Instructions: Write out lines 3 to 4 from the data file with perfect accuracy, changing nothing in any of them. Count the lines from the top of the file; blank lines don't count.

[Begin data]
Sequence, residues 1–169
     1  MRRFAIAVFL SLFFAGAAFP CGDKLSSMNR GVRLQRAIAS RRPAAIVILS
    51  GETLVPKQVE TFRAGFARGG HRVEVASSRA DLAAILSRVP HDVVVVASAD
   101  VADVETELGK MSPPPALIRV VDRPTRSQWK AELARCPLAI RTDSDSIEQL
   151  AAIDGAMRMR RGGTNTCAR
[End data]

    51  GETLVPKQVE TFRAGFARGG HRVEVASSRA DLAAILSRVP HDVVVVASAD
   101  VADVETELGK MSPPPALIRV VDRPTRSQWK AELARCPLAI RTDSDSIEQL